A Victorian country cottage was so dilapidated that it may need to be demolished, warned a Chartered Surveyor.
The old Warwickshire farmhouse had been thoroughly extended during the early part of last century and now featured three bedrooms and two bathrooms.
Due to the property’s age, our client wisely opted for a comprehensive Building Survey in order to assess the structural integrity of the home. They wanted to ensure that it was not nearing the end of its economic life. Unfortunately, that is exactly what the Chartered Surveyor found.
Poplars blamed for major foundation movement
The Home Buyers Survey in Warwickshire noted severe cracks running through the brickwork of the kitchen and toilet at the rear of the building. He said that this was evidence of “significant structural movement”.
The grounds of the property had been planted out with poplar trees. These particular trees are very heavy users of water. A grove, such as was planted around this Warwickshire property, would drag much of the moisture from the soil. This can cause terrible damage to a building’s stability, said the Surveyor:
“Tree roots extract moisture, causing shrinkage in the subsoil on which the foundations are bearing, particularly during drought conditions when shrinkage of the subsoil can cause subsidence of the foundations. Conversely, when trees are removed swelling of the subsoil can occur causing 'heave' resulting in upward movement of foundations. ”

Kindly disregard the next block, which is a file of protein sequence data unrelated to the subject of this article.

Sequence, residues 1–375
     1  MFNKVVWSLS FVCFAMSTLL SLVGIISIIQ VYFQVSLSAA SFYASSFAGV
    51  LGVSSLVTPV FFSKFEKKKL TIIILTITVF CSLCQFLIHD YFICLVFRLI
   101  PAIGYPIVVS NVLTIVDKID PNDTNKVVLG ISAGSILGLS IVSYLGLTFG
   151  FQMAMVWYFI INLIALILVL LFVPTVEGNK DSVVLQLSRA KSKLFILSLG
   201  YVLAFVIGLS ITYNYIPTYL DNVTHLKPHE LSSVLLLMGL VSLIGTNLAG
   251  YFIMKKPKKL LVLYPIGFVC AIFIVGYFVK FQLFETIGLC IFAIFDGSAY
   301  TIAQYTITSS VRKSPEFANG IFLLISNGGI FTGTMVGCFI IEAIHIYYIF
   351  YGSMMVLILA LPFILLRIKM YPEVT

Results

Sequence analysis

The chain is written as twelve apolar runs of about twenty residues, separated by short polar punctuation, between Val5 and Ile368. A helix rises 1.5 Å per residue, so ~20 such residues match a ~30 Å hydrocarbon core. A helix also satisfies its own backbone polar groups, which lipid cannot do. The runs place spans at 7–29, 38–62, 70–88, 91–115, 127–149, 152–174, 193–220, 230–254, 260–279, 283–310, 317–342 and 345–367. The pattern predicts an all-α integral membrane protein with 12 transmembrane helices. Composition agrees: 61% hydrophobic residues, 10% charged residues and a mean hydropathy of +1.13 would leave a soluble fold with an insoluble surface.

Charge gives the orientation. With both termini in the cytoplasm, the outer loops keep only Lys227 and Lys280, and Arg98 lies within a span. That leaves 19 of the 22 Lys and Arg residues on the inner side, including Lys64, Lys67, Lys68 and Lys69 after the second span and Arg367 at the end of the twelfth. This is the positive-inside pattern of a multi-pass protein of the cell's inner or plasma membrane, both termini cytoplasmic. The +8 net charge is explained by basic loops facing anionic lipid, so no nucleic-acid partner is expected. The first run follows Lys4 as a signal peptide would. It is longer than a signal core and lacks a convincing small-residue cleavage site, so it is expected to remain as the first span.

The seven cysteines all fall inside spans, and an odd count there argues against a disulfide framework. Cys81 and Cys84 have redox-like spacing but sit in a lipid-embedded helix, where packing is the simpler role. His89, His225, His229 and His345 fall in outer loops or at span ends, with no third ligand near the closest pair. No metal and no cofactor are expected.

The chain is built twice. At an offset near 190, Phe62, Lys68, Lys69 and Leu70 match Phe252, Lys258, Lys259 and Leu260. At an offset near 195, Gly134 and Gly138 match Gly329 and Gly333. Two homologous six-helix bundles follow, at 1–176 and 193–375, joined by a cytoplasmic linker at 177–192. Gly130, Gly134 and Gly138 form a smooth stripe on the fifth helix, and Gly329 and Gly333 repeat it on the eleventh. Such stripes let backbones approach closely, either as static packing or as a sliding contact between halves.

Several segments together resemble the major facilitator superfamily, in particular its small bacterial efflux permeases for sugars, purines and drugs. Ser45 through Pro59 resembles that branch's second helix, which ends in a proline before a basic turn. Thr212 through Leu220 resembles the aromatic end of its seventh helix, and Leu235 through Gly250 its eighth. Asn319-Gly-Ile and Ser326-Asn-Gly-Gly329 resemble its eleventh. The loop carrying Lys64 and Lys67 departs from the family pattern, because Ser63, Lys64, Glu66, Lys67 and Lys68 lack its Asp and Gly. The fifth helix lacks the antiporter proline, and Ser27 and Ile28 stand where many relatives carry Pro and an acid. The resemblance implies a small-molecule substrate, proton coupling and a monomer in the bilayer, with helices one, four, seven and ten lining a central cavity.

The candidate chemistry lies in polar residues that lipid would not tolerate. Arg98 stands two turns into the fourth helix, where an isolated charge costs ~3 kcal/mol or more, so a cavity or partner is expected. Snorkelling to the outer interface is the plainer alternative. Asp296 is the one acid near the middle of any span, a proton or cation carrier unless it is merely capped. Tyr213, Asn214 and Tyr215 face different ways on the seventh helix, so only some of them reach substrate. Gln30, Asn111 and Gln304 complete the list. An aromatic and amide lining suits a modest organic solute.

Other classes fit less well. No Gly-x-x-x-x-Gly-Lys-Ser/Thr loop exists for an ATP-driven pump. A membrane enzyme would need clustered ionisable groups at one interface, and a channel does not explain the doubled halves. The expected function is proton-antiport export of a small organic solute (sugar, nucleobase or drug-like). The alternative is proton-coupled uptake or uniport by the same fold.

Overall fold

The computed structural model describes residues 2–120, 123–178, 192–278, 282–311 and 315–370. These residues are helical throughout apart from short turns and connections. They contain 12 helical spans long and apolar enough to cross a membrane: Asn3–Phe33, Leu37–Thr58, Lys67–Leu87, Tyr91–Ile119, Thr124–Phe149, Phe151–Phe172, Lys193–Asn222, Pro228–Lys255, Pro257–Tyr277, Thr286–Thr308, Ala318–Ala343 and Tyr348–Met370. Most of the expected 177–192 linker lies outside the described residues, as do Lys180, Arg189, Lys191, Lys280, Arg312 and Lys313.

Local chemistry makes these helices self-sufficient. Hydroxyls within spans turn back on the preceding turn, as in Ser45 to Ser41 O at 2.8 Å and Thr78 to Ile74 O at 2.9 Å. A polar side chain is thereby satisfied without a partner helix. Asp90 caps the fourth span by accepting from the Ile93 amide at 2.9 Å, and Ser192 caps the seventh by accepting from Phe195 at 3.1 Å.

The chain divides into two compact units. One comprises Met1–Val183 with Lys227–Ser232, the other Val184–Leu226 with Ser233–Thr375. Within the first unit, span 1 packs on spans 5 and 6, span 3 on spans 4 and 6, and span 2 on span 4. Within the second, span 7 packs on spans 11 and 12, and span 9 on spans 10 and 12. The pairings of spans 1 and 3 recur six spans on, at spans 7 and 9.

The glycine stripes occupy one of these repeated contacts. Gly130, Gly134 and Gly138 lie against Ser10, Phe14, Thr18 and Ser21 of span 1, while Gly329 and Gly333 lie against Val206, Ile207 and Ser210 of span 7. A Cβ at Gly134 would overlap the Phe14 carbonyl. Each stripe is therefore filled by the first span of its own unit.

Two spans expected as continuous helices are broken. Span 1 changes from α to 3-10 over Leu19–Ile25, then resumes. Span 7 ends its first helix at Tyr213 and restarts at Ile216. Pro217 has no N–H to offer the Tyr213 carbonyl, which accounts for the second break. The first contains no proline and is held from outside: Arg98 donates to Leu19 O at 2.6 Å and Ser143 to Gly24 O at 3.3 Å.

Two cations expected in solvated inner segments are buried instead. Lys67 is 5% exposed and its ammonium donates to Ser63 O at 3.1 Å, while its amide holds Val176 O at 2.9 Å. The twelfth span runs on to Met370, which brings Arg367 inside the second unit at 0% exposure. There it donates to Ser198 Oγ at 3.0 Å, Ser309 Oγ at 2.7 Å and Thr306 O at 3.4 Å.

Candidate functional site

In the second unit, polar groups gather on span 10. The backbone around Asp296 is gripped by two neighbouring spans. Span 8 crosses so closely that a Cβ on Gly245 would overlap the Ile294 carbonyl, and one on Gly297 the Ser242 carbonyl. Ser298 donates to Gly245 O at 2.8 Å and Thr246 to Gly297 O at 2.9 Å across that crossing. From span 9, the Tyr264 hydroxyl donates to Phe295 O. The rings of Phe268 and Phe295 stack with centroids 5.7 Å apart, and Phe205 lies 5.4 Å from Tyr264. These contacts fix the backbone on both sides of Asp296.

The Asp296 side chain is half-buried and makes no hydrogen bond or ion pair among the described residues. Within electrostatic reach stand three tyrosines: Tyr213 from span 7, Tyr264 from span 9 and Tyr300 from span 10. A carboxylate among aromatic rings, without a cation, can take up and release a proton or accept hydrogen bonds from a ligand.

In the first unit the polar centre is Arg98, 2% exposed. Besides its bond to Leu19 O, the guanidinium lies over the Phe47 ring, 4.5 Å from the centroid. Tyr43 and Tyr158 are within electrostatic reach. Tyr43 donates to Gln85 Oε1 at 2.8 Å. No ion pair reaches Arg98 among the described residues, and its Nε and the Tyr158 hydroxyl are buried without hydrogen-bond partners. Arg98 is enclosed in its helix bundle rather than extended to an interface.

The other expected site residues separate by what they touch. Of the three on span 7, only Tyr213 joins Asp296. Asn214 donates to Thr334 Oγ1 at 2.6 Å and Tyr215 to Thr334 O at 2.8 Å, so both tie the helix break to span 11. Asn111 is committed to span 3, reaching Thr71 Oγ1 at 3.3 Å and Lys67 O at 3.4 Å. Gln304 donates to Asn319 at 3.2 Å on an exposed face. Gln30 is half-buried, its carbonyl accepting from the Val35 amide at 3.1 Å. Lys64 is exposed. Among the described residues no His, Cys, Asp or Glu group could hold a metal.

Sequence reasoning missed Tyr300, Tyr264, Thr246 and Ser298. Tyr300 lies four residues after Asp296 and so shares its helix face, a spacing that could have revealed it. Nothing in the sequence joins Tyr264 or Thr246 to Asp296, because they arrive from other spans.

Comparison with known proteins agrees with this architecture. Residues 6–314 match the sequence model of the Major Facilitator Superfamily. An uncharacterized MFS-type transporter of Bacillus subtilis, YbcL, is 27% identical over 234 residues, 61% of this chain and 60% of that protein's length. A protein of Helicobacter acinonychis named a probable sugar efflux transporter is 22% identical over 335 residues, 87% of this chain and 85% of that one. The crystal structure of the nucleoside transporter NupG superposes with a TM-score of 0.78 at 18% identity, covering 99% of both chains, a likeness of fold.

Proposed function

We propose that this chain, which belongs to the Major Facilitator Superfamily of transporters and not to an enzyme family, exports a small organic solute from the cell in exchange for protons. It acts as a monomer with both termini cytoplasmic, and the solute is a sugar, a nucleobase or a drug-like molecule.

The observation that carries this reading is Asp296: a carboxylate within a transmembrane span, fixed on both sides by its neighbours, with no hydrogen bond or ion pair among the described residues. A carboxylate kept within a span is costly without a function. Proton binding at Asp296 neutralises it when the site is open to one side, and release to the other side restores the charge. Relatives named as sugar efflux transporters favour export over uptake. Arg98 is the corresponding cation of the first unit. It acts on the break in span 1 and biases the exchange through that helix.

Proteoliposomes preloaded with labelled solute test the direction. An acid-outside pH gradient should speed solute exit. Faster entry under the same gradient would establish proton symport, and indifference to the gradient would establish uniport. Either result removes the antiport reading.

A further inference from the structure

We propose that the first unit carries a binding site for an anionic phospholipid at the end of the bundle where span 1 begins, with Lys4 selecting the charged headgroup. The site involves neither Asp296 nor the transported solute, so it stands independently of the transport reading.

Property may be beyond repair
The damage was so extensive, he warned, that the property, which was not listed due to the major extensions, might not be worth saving.
The Home Buyers Survey reported that:
”The cost of remedial work may be so prohibitive that you may find that total re-development of the site is the only viable economic proposition for the property. ”
With this in mind, our client would have been wise to find another country home, preferably poplar free.